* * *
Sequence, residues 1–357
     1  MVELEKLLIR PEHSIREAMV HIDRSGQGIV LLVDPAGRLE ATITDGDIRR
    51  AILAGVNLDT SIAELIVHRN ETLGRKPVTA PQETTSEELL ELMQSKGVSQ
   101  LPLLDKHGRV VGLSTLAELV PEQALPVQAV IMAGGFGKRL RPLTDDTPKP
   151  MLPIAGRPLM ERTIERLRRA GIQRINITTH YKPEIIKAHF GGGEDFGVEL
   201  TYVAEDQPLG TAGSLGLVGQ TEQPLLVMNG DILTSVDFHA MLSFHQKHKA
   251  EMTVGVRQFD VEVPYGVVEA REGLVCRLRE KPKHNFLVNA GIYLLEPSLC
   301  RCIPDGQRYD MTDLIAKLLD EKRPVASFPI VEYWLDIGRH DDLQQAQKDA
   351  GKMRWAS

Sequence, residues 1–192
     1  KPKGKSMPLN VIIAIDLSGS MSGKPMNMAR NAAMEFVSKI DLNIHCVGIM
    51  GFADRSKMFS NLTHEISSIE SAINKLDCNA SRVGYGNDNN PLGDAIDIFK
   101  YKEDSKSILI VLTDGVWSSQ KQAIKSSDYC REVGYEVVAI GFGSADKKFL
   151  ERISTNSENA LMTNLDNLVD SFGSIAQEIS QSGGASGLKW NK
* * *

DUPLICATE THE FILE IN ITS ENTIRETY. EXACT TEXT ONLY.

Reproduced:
Sequence, residues 1–357
     1  MVELEKLLIR PEHSIREAMV HIDRSGQGIV LLVDPAGRLE ATITDGDIRR
    51  AILAGVNLDT SIAELIVHRN ETLGRKPVTA PQETTSEELL ELMQSKGVSQ
   101  LPLLDKHGRV VGLSTLAELV PEQALPVQAV IMAGGFGKRL RPLTDDTPKP
   151  MLPIAGRPLM ERTIERLRRA GIQRINITTH YKPEIIKAHF GGGEDFGVEL
   201  TYVAEDQPLG TAGSLGLVGQ TEQPLLVMNG DILTSVDFHA MLSFHQKHKA
   251  EMTVGVRQFD VEVPYGVVEA REGLVCRLRE KPKHNFLVNA GIYLLEPSLC
   301  RCIPDGQRYD MTDLIAKLLD EKRPVASFPI VEYWLDIGRH DDLQQAQKDA
   351  GKMRWAS

Sequence, residues 1–192
     1  KPKGKSMPLN VIIAIDLSGS MSGKPMNMAR NAAMEFVSKI DLNIHCVGIM
    51  GFADRSKMFS NLTHEISSIE SAINKLDCNA SRVGYGNDNN PLGDAIDIFK
   101  YKEDSKSILI VLTDGVWSSQ KQAIKSSDYC REVGYEVVAI GFGSADKKFL
   151  ERISTNSENA LMTNLDNLVD SFGSIAQEIS QSGGASGLKW NK